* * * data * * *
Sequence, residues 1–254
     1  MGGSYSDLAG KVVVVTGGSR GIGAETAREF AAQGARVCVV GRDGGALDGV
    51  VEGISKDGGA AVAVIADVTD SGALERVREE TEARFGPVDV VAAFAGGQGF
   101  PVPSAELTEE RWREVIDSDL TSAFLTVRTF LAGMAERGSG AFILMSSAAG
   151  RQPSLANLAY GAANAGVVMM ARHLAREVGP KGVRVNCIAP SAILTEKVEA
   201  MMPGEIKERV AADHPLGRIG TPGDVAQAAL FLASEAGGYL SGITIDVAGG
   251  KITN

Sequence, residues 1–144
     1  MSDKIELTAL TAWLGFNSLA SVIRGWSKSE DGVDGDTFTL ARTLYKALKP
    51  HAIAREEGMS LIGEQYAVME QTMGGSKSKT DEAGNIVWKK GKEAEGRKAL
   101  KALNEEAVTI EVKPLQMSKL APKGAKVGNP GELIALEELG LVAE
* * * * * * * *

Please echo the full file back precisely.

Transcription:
Sequence, residues 1–254
     1  MGGSYSDLAG KVVVVTGGSR GIGAETAREF AAQGARVCVV GRDGGALDGV
    51  VEGISKDGGA AVAVIADVTD SGALERVREE TEARFGPVDV VAAFAGGQGF
   101  PVPSAELTEE RWREVIDSDL TSAFLTVRTF LAGMAERGSG AFILMSSAAG
   151  RQPSLANLAY GAANAGVVMM ARHLAREVGP KGVRVNCIAP SAILTEKVEA
   201  MMPGEIKERV AADHPLGRIG TPGDVAQAAL FLASEAGGYL SGITIDVAGG
   251  KITN

Sequence, residues 1–144
     1  MSDKIELTAL TAWLGFNSLA SVIRGWSKSE DGVDGDTFTL ARTLYKALKP
    51  HAIAREEGMS LIGEQYAVME QTMGGSKSKT DEAGNIVWKK GKEAEGRKAL
   101  KALNEEAVTI EVKPLQMSKL APKGAKVGNP GELIALEELG LVAE